Thomas Hart Benton

Thomas Hart Benton

Neosho, Newton County, Missouri, USA
Death 19 Jan 1975 (aged 85)
Kansas City, Jackson County, Missouri, USA
Burial Cremated, Ashes scattered, Specifically: Ashes scattered over Martha's Vinyard, Massachusetts
Memorial ID 32688692 · View Source
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Painter, Muralist. Along with Grant Wood and John Steuart Curry, he was the outstanding figure in the American Regionalist movement of the 1930s and 1940s. Benton is best known for his murals of everyday and historical scenes of the Midwest and Southern United States. Although he declared himself "an enemy of modernism" his work is highly stylized, with bustling compositions, flamboyant color, exaggerated perspectives and a fluid yet sculptural sense of human form. He maintained that his style was "distinctly American". Benton was born in Neosho, Missouri. His father was US Congressman Maecenas Benton, and his great-uncle and namesake Thomas Hart Benton was one of the first two US Senators from Missouri. He studied at the Chicago Art Institute and at the Academie Julian in Paris before moving to New York City in 1913, and served stateside in the US Navy during World War I. His initial attraction was to abstract art. In 1924 he returned to rural Missouri to care for his dying father and the visit awakened his interest in Americana as subject matter. A political leftist, Benton often employed elements of social commentary and the work that made him nationally famous, "The Indiana Murals" (1932), sparked controversy for its depiction of the Ku Klux Klan. Time magazine put him on its cover in 1934 and his autobiography, "An Artist in America" (1937), became a bestseller. He taught at the Art Students League of New York from 1926 to 1935 and Kansas City (Missouri) Art Institute from 1935 to 1941; his most famous student was Jackson Pollock. The influence of Regionalism declined after World War II but Benton adhered to his signature style, which grew apolitical and nostalgic. In his later years he divided his time between his homes in Kansas City and Martha's Vineyard, Massachusetts. He also collected folk and country music and was an expert harmonica player, even recording a set of 78s in the late 1930s. His major achievements include such canvases as "Susanna and the Elders" (1937), and "Persephone" (1939), and the murals "America Today" (1931), "The Arts of Life in America" (1932), "A Social History of Missouri" (1936), "The Year of Peril" (1941), "Lincoln" (1953), and "Independence and the Opening of the West" (1961), the latter for the Harry S. Truman Presidential Library in Independence, Missouri. Benton died at 85 at his Martha's Vineyard studio, one day after completing the mural panel "The Sources of Country Music" for the Country Music Hall of Fame in Nashville, Tennessee. In 1985 he was inducted into the Hall of Famous Missourians at the state capitol in Jefferson City.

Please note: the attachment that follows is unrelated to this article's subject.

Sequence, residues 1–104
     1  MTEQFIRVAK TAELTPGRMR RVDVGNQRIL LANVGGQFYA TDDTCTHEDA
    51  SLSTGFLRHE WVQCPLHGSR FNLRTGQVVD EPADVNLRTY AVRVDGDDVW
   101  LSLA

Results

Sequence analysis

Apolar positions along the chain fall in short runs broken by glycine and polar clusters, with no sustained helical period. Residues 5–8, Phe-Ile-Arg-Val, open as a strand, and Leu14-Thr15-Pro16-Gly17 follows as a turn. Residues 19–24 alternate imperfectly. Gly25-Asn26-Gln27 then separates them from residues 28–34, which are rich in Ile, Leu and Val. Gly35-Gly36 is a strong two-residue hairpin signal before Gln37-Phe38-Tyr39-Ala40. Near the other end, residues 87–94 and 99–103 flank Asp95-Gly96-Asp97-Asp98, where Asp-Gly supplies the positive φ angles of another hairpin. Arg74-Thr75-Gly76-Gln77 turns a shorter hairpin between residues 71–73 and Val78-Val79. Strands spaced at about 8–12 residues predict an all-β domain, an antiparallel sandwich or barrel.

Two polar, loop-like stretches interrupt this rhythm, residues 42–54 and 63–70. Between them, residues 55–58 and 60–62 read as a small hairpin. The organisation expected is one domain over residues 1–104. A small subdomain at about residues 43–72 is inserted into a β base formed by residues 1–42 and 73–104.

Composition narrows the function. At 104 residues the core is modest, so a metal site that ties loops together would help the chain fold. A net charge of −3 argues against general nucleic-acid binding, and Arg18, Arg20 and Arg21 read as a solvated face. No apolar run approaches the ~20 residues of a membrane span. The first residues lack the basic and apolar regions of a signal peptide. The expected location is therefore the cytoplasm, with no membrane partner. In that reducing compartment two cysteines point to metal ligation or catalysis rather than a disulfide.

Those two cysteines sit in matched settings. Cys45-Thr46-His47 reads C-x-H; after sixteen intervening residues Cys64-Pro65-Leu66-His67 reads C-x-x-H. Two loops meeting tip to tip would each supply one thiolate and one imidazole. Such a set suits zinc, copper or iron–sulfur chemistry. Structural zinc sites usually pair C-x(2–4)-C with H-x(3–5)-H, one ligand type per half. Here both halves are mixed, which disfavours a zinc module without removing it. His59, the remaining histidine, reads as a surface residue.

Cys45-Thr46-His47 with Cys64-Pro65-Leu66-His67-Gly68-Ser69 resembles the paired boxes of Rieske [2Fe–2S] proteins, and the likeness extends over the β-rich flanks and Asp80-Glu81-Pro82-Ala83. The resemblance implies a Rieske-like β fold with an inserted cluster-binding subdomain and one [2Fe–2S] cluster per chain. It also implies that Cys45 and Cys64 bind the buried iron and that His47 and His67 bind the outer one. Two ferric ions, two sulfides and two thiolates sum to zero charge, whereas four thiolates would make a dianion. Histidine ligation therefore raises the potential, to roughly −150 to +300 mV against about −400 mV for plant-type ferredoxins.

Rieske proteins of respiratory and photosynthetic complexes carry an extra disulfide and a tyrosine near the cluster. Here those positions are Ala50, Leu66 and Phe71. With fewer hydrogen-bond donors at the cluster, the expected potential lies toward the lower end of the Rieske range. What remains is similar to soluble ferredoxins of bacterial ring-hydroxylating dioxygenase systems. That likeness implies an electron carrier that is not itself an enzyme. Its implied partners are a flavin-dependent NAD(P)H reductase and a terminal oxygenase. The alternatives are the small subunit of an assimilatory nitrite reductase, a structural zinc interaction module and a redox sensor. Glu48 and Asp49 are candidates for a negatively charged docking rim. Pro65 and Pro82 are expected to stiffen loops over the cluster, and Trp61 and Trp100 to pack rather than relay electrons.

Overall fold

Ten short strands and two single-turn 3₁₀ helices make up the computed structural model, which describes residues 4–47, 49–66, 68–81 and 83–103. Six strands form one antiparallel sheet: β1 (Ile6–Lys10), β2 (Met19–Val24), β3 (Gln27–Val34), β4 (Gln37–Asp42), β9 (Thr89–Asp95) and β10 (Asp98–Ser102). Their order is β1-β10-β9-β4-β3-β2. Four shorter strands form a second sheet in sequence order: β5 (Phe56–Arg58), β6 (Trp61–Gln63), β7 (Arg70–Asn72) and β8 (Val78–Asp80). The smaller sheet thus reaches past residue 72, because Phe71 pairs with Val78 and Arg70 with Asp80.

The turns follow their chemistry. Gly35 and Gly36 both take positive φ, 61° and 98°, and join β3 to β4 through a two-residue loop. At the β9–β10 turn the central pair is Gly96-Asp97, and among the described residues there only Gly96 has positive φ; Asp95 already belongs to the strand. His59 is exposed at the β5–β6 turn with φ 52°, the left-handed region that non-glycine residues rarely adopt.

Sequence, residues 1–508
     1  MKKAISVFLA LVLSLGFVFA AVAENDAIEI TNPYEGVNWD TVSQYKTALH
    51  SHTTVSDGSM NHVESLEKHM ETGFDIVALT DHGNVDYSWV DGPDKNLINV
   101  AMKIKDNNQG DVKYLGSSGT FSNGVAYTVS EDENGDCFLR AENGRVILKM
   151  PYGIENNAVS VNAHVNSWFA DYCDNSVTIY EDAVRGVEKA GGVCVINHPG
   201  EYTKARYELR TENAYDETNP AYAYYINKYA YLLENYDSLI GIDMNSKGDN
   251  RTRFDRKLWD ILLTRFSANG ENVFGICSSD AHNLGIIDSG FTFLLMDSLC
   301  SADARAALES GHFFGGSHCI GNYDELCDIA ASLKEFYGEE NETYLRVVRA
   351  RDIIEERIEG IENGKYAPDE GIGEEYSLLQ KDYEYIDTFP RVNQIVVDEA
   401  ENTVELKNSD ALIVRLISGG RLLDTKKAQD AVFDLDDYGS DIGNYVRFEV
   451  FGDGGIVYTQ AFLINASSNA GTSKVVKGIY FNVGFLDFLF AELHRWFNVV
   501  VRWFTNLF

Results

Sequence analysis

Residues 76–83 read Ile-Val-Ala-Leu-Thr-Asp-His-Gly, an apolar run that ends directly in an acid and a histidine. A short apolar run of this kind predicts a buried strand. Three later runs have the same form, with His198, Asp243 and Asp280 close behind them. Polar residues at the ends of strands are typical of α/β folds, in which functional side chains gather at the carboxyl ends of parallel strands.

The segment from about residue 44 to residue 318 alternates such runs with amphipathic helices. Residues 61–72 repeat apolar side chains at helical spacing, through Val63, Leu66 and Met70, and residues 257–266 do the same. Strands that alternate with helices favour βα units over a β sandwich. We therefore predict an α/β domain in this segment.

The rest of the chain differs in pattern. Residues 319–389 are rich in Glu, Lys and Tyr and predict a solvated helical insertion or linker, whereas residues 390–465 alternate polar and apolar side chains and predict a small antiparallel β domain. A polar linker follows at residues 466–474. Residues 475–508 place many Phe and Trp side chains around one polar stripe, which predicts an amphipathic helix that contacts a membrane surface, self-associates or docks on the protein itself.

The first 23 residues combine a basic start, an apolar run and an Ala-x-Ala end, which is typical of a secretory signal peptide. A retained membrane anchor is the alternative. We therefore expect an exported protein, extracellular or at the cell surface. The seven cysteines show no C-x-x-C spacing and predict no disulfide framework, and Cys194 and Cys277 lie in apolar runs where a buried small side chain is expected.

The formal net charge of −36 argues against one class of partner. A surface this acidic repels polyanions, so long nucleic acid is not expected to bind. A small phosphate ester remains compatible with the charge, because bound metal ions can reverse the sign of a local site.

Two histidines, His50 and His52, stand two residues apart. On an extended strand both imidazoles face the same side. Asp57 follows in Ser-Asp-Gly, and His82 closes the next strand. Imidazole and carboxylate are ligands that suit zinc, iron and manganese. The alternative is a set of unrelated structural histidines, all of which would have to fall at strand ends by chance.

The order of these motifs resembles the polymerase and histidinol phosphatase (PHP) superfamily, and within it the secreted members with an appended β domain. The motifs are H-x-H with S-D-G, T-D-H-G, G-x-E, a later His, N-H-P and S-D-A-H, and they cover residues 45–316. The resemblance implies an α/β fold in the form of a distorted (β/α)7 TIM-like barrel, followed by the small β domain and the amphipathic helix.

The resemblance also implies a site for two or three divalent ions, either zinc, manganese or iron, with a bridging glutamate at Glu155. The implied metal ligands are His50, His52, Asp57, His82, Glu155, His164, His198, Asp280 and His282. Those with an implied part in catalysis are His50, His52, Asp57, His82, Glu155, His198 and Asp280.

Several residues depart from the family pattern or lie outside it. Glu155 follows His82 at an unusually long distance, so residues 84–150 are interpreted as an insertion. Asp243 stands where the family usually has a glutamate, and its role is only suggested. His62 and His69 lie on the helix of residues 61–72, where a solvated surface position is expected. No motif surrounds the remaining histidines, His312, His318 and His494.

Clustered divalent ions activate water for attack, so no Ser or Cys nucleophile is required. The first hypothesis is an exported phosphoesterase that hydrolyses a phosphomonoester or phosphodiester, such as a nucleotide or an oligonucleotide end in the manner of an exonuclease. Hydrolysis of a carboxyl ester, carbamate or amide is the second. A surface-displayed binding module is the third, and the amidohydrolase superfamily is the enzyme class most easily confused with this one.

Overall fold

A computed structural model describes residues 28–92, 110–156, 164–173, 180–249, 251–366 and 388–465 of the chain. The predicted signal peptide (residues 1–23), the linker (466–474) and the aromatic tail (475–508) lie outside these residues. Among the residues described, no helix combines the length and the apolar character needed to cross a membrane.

Bio by: Bobb Edwards

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  • Maintained by: Find a Grave
  • Originally Created by: Robert Libby
  • Added: 6 Jan 2009
  • Find a Grave Memorial 32688692
  • Find a Grave, database and images ( : accessed ), memorial page for Thomas Hart Benton (15 Apr 1889–19 Jan 1975), Find a Grave Memorial no. 32688692, ; Maintained by Find A Grave Cremated, Ashes scattered, who reports a Ashes scattered over Martha's Vinyard, Massachusetts.